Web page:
Dancing with Death

When I started blogging, my friend David told me to blog about the things that I think about, the things that matter to me.  Lately I’ve been thinking about the decline of my father’s health.  That’s why I’m posting this on both blogs.  I’ve not had much free mental space over the last few months because my dad has been there taking it up with a thousand questions of varying sizes and shapes.

My dad is demented, meaning, he has dementia.  What is the appropriate form for that sentence?  Is my father demented?  It feels like a misuse of language to have to write that way: my father has dementia.  It’s one word or two too long.  Plus, it isn’t true.  Particularly since it feels most days like dementia has my father, like the synapses in his brain are freezing over or cracking or deteriorating or doing anything but firing in the way all my college classes suggested synapses do.  I paid a lot of attention to those classes at U of I.  I got mostly good grades, though I hated statistics and could have done better in Don Dulany’s course, especially if I hadn’t been devoting all that time talking to schizophrenics at strange hours through the night.  But these days I’m thinking that I could have paid more attention.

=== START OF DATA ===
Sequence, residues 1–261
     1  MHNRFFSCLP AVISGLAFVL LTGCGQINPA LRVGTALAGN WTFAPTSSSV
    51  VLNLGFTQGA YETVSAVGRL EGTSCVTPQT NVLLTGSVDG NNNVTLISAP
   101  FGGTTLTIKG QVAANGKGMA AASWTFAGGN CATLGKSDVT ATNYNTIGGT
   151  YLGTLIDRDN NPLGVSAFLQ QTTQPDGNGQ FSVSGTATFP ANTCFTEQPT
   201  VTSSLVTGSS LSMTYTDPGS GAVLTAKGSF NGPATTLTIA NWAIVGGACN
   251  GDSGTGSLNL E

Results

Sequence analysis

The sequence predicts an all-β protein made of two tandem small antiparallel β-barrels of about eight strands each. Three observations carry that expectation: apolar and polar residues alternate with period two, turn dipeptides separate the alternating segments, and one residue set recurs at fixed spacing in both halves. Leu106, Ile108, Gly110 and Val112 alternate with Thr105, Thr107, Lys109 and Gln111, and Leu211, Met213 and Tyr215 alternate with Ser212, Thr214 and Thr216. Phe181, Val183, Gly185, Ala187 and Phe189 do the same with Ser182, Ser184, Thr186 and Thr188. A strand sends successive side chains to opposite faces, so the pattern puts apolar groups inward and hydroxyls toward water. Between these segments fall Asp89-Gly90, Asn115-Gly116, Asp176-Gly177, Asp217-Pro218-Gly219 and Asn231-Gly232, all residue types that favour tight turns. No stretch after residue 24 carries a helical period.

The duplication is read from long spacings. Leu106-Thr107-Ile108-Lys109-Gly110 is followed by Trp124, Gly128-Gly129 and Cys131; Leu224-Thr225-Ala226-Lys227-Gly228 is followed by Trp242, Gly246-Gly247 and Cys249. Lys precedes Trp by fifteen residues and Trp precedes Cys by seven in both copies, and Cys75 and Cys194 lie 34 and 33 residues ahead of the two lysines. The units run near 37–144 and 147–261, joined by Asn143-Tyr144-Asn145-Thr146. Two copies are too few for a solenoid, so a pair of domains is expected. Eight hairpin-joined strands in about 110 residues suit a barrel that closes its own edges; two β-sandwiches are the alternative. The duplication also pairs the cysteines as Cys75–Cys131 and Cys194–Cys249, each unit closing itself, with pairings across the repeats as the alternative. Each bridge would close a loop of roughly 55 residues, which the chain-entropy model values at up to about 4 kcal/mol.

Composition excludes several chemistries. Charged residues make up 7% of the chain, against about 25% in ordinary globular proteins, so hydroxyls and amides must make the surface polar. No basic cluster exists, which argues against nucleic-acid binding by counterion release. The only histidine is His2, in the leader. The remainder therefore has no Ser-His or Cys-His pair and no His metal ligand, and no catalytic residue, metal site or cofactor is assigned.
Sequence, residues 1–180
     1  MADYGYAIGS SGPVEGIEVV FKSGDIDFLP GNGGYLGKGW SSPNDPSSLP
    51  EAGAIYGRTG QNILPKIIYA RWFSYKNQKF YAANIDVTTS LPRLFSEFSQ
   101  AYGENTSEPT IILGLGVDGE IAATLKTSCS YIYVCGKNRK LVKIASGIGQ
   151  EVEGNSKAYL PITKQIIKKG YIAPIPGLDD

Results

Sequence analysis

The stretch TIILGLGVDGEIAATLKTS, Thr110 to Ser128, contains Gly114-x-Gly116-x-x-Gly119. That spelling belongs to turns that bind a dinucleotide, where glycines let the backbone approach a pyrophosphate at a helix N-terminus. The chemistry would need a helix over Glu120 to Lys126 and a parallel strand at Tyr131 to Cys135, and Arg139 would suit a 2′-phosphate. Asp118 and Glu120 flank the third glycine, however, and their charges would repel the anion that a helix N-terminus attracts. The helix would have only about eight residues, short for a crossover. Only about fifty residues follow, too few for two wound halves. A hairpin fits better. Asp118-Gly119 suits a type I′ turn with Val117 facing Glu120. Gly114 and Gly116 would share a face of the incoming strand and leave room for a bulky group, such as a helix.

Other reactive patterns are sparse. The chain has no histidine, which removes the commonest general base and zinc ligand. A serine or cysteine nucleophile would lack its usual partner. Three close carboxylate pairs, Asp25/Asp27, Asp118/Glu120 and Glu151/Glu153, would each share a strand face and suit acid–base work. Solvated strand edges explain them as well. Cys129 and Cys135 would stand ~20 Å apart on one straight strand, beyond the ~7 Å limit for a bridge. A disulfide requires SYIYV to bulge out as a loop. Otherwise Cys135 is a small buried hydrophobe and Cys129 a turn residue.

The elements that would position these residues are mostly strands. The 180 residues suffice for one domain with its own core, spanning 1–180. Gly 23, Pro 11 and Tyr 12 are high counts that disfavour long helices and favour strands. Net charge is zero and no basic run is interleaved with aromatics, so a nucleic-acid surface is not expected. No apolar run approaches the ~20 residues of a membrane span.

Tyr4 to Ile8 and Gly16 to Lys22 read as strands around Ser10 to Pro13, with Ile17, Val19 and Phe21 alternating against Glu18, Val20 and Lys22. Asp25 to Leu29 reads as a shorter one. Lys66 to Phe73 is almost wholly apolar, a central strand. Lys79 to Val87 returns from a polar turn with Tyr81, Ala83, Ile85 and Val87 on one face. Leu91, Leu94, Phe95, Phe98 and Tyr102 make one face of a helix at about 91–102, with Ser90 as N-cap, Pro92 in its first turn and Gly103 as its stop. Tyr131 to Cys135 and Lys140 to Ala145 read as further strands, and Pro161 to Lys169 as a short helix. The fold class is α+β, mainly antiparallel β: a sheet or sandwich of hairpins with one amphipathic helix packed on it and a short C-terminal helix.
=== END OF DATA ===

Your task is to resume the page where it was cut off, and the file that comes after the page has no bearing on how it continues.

Anyway, my father’s dementia and the accompanying decline in his condition is essentially unsettling.  My experience of him and his health feels like all the sturdy things in my history with him are getting up, spinning around, and landing in a different place from before.  It feels like every conversation with him, each road trip to Little Rock, leaves me tired from the passing lane and sweating after a long dance with this disease.

And I’m not the one doing the real dancing.  I catch myself to say this.  Over the last six months, since we found out about the strokes and since we’ve started to confuse (i.e., not be able to tell) the stroke’s grip for the dementia’s, I’ve remembered consciously that it’s my father who is suffering.  And that’s the worse part.  Not our collective suffering as we watch or join in as a family responding to our loss and grief.  His suffering is the basic problem here.  I can recover.  Can he?